Paul… the Radical Countercultural?

Neither Jew nor Greek, neither slave nor free, neither male nor female: we are “all one in Christ Jesus”

Paul Mosaic at Chora Church in Istanbul

People today don’t give Paul (or Jesus or the Bible) enough credit for “forward thinking”. We like to think that modern man has pulled himself (and herself) up by the bootstraps, a notion that emerges from our modern view of ourselves, of beings that have made ourselves after a long, doggedly determined climb out of the primordial slime.

Paul is often called patriarchal and even misogynist. He is blamed for the “backward thinking” that prevails in some areas of the church. Bronze age ideas and norms, they say, enslave the church in primitive thinking that quashes the rights of more sophisticated modern people.

There are dozens of examples in Scripture that this isn’t true. When we read the Scripture through a modern lens and don’t understand or appreciate the context of the time when it was written, we fail to appreciate the radical nature of Scripture.

I have written on these things many times in the past, but my attention is drawn to one example today. In his letter to the Galatians, Paul wrote:

“[I]n Christ Jesus you are all sons of God, through faith. For as many of you as were baptized into Christ have put on Christ. There is neither Jew nor Greek, there is neither slave nor free, there is no male and female, for you are all one in Christ Jesus. And if you are Christ’s, then you are Abraham’s offspring, heirs according to promise.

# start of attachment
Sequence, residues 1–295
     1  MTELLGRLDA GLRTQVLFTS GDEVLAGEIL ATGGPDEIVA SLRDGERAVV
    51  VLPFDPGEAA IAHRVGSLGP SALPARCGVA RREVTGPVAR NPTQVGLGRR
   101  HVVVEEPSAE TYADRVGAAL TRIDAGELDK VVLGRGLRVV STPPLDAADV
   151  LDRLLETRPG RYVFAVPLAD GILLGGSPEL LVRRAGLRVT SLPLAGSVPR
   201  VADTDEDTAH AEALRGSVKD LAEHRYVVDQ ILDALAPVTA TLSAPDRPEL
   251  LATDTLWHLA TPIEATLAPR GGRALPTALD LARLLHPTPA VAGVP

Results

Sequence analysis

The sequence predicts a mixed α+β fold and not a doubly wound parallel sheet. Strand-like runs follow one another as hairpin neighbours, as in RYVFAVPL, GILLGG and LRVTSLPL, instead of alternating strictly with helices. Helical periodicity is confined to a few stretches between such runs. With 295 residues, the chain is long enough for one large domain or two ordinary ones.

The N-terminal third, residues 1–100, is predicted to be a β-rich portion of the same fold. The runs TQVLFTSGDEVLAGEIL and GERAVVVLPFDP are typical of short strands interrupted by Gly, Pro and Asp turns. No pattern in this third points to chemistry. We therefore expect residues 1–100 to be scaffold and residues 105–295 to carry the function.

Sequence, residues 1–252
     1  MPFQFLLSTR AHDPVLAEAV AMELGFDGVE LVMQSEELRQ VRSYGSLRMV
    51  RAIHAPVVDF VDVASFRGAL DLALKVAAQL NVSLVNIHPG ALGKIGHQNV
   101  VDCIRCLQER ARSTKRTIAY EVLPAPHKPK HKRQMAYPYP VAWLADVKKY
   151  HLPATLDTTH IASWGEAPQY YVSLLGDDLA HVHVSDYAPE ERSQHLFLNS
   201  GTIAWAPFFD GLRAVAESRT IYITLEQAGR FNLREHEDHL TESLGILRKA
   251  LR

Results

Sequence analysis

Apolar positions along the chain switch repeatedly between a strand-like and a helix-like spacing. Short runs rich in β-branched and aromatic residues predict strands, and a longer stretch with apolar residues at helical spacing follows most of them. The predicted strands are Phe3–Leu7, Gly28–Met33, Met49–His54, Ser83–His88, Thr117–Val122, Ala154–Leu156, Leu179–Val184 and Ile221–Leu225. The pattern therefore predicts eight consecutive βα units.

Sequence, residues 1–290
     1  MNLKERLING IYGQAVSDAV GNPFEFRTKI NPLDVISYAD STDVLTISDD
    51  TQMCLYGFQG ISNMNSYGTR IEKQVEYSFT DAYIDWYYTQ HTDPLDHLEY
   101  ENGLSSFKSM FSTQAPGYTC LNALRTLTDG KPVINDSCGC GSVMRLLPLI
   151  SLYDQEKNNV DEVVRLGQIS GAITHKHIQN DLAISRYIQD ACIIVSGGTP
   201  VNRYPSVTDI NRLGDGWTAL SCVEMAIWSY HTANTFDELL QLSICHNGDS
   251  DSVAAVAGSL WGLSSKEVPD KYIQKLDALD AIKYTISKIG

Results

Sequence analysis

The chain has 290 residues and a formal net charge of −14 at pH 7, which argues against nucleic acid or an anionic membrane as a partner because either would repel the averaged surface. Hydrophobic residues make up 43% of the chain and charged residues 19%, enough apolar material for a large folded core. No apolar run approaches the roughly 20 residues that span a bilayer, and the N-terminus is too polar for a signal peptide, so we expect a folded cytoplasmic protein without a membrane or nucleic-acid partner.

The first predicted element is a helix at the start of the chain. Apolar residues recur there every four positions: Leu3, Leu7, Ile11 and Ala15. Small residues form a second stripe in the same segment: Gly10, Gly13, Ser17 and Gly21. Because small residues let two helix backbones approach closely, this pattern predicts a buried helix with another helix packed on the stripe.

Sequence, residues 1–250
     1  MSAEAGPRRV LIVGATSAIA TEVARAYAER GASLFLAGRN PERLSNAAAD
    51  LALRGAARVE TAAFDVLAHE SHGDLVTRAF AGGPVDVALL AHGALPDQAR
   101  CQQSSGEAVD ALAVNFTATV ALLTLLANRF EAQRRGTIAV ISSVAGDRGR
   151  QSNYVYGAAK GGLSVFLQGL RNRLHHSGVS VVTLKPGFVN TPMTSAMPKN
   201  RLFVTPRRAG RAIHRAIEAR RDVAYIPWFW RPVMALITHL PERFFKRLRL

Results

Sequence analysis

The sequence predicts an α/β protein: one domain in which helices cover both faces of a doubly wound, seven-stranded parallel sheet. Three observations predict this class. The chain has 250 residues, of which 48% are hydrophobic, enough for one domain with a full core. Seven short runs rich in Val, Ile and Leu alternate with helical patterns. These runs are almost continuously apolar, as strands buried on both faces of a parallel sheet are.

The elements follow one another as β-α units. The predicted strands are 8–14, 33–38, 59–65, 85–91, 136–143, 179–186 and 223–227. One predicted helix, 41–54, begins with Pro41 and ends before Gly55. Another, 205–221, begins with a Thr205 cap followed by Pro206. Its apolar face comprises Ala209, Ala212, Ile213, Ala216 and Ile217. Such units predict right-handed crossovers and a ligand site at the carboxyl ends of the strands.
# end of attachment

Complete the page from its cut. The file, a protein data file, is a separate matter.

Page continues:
“I mean that the heir, as long as he is a child, is no different from a slave, though he is the owner of everything, but he is under guardians and managers until the date set by his father. In the same way we also, when we were children, were enslaved to the elementary principles of the world. But when the fullness of time had come, God sent forth his Son, born of woman, born under the law, to redeem those who were under the law, so that we might receive adoption as sons And because you are sons, God has sent the Spirit of his Son into our hearts, crying, ‘Abba! Father!’ So you are no longer a slave, but a son, and if a son, then an heir through God.” (Galatians 3:26-4:7)

Let’s unpack this a bit, and I think you will see what I am talking about. First, we need to consider the context of the time in which this letter was written. Then we need to look closely at what Paul is saying.

Continue reading “Paul… the Radical Countercultural?”

Reading the Bible in Context

When we read the Bible, we need to come to it with the understanding of what it is and what it is not.

Depositphotos Image ID: 1439763 Copyright: sframe

We read the Bible, with writings going back to the Bronze Age, through the lens of our modern experience, understanding and knowledge, often without considering that we need to adjust our lens to understand what we are reading.

I do believe that the Bible is Scripture, conveying an accurate understanding of a timeless, changeless, faithful God, but it is written through the eyes of men who lived at particular times in history in particular cultural and historical contexts. It was written by about 40 men, to be more specific, over a period of about 1500 years with the last writing penned about 1900 years ago.